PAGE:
Once again, it is painfully clear that the actual contents of American Betrayal have no place in the extended disinformation campaign against the book.
In accusing the Truman administration of being pro-Soviet
Not. In. My. Book.
If these presidents (Carter and Reagan) were Communist-controlled
Not in my book.
William F. Buckley and L. Brent Bozell denied the validity of [Senator McCarthy's] attacks on Secretary of State George Marshall as a conscious agent of the Soviet conspiracy. They assert that McCarthy mistook what was in effect folly for manipulation.… The same mistake has occurred with West.
Not in my book. Nowhere in American Betrayal is George Marshall discussed as a “conscious agent of the Soviet conspiracy.”
Truman may indeed have been naïve about Hiss being merely a “red herring”
“Naïve” is not the word. Falsehoods about the contents of American Betrayal are my subject here, but I will digress for a related moment.
The Truman administration was well informed that Communist agents had penetrated the U.S. government under FDR. Details about this national security disaster started emerging behind the scenes in the fall of 1945 as multiple reports from FBI Director J. Edgar Hoover, listing names of implicated government employees, began to arrive on the desks of top Truman administration officials. M. Stanton Evans documents this key episode in a chapter of his book, “Blacklisted by History.” The chapter is called “What Hoover Told Truman.”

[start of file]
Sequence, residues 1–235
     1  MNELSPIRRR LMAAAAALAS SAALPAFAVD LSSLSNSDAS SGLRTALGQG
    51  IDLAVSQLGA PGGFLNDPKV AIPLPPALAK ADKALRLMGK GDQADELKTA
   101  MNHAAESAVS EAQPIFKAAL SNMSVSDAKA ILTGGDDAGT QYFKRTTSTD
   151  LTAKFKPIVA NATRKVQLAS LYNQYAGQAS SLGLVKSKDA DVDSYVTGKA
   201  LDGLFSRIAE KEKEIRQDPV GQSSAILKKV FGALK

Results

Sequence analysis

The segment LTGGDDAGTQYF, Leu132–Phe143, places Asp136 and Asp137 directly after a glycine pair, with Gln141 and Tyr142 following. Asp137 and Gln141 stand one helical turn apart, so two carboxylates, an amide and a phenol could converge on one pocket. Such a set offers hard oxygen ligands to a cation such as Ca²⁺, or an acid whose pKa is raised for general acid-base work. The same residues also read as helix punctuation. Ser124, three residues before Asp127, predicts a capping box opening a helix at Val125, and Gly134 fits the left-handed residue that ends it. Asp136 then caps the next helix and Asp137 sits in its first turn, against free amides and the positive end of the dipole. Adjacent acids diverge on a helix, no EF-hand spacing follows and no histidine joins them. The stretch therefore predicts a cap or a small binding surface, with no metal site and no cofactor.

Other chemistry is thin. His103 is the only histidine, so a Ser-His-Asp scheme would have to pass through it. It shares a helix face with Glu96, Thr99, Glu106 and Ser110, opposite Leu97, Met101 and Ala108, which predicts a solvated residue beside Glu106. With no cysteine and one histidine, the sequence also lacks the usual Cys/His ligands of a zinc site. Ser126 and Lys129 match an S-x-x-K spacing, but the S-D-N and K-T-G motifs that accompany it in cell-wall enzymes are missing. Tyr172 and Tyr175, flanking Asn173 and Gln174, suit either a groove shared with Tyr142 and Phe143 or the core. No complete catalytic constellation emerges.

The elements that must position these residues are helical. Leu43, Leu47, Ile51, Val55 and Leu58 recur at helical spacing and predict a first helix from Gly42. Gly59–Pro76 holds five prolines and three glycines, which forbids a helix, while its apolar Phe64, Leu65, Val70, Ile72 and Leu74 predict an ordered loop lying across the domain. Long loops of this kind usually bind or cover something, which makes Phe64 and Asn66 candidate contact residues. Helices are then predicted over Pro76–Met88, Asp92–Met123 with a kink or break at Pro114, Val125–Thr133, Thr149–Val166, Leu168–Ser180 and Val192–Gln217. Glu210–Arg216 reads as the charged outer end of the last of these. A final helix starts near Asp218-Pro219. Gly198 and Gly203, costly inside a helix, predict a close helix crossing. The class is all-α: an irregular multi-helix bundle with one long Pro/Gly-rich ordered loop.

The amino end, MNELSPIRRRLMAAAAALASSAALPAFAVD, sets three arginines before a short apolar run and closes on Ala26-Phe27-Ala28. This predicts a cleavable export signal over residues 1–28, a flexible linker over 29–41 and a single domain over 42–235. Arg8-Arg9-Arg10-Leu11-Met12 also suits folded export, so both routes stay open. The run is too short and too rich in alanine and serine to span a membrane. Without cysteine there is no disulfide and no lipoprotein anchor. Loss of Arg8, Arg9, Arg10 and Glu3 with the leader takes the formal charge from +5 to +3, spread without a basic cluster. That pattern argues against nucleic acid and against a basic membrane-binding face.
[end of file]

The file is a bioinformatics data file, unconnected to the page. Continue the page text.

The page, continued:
Citing evidence and interviews gathered by Jerrold and Leona Schecter in their book, Sacred SecretsAmerican Betrayalalso considers the experience of a top Venona official, Oliver Kirby (described on his National Security Agency web page as “one of the few selected to distribute VENONA products to the small group of authorized readers”). Based on discussions with top officials, Kirby was convinced that Truman was informed that evidence was emerging from the code-breakers about the existence of a Moscow-directed Communist conspiracy within the US government (and elsewhere). According to Kirby, Truman, however, wanted no part of the information and its ghastly implications. Kirby told the Schecters that in 1950, Harry Dexter White and Alger Hiss both were “positively identified” as Soviet agents by Venona code breakers, a date Robert L. Benson and Michael Warner affirm in their Venona study.